|Phone:||(860) 486 0444|
|Fax:||(860) 486 3346|
My research projects involve the creation and characterization of interesting and useful materials primarily to understand their innate physics. Current projects include studying the effects of adding highly mobile dopants to superconducting oxides and related materials. Adding such dopants to materials with strongly correlated electrons tends to promote phase separation, sometimes at large length scales. We also grow oxide films in order to study how material properties differ in films versus bulk samples of the same compound. Films can be different for many reasons including strain, the lower dimensionality (2D versus 3D), and the constraint that a film must remain locked in contact with the substrate upon which it is grown. Understanding such effects in extremely thin films and other nanoscale materials is at the heart of nanoscience. These films are grown right here at UConn in our Pulsed Laser Deposition chamber.
In order to study these materials we employ a wide range of techniques. At UConn we characterize our samples crystal structure with x-ray diffraction, examine magnetic behavior using a SQUID magnetometer, map band structure and electronic properties using photo emission spectroscopy, and probe the electronic transport with direct conductivity measurements.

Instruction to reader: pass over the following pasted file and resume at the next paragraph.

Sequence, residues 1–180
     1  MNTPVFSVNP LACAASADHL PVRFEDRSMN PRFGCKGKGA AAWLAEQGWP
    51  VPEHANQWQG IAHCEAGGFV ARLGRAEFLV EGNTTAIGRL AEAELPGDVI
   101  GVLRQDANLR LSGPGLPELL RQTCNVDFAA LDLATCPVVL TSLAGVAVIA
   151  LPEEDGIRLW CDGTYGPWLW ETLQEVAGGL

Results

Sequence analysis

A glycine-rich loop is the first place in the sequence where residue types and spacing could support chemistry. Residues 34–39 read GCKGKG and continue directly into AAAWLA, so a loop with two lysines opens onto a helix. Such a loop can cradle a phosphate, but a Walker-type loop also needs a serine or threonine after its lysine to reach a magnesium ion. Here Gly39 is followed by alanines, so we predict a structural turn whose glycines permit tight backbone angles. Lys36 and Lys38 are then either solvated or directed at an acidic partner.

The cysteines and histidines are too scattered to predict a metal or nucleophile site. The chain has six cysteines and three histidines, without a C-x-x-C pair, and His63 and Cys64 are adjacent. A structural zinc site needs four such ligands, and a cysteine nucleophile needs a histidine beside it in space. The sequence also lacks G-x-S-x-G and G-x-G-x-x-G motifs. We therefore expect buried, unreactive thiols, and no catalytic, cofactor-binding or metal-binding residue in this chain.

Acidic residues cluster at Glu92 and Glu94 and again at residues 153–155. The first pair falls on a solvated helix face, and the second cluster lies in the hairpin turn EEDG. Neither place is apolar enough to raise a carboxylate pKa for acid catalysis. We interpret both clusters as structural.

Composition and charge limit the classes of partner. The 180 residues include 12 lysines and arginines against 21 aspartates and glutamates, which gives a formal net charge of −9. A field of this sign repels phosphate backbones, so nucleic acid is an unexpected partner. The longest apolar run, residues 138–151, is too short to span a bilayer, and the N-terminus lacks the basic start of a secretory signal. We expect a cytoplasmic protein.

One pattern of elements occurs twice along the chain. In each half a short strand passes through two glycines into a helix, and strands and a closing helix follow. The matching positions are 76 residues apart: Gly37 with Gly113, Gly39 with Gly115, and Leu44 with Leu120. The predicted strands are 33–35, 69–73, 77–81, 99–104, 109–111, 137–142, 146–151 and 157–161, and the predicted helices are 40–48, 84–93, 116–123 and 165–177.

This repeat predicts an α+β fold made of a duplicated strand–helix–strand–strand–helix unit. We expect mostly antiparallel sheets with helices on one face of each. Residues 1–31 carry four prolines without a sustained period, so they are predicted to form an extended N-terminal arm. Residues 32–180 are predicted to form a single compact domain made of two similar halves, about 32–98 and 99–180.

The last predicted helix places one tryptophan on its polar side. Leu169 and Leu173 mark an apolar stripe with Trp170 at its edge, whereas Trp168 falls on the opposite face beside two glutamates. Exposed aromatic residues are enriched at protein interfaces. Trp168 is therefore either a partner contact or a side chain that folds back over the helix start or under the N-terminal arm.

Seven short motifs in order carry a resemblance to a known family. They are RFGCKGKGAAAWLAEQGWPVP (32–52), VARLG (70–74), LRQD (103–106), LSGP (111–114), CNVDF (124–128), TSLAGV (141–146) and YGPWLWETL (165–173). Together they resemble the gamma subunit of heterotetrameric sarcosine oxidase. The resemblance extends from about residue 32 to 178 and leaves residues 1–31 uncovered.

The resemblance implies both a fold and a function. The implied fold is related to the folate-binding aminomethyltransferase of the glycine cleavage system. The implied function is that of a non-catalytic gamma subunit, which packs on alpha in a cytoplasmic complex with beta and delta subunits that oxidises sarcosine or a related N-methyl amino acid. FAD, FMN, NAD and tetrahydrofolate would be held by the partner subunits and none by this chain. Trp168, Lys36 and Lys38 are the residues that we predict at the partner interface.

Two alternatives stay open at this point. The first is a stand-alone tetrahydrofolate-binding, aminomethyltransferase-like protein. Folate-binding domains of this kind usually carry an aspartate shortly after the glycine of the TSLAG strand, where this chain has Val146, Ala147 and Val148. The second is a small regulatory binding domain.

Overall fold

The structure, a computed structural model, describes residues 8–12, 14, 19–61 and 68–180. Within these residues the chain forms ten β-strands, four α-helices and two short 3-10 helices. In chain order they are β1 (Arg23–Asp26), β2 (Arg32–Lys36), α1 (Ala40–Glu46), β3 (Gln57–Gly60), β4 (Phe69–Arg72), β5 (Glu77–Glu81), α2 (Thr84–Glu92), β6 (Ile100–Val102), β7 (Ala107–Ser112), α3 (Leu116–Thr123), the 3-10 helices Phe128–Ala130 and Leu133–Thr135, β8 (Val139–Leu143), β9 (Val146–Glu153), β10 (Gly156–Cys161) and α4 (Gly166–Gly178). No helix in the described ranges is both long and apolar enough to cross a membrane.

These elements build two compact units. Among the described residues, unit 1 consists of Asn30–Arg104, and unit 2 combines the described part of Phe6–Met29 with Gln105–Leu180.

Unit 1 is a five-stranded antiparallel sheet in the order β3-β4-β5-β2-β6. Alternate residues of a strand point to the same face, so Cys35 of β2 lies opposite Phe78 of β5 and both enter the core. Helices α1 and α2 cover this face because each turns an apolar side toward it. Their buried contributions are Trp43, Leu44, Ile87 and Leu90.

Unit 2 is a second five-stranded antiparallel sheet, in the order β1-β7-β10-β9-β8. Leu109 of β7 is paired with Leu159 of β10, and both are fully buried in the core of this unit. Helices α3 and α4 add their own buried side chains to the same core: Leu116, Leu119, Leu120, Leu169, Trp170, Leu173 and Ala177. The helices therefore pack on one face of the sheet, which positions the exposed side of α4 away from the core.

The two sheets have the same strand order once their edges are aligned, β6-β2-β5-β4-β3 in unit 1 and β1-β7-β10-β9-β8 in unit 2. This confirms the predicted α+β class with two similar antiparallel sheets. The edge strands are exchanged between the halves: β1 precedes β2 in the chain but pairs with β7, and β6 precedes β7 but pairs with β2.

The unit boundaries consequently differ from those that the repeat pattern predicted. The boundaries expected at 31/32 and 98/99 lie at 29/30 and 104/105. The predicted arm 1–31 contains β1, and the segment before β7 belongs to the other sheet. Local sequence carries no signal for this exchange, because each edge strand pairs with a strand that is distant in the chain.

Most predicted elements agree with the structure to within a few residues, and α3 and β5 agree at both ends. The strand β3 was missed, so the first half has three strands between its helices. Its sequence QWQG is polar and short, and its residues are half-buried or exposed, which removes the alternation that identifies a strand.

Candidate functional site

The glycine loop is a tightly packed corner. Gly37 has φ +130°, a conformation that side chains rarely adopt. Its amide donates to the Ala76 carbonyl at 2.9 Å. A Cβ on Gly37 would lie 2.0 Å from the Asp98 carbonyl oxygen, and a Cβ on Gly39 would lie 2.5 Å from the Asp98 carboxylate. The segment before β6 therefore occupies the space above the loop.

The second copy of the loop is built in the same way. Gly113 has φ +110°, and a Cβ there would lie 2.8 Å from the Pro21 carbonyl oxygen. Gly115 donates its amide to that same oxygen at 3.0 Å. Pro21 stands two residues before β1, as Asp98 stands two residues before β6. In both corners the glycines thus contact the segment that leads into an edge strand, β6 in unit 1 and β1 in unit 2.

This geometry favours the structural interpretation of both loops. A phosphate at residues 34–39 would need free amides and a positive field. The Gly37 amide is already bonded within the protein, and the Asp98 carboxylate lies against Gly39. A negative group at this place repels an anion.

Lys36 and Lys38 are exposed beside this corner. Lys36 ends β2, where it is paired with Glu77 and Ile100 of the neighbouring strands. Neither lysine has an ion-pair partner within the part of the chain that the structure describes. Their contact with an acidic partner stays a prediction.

We also travel nationally and internationally to perform experiments at large experimental facilities; facilities that are too large for any one university to own. Examples include traveling to Brookhaven National Laboratory to perform x-ray experiments at the National Synchrotron Light Source, traveling to the National Institute of Standards and Technology in Washington or similar facilities in Switzerland or Germany to conduct neutron scattering experiments, and also we conduct muon spin rotation studies at the Paul Scherer Institute in Villigen, Switzerland.
I am always looking for excellent new students who would like to explore the frontiers of knowledge, the fascinating behavior of electrons when they interact strongly with other electrons, unique magnetic systems, and the science underlying nanotechnology.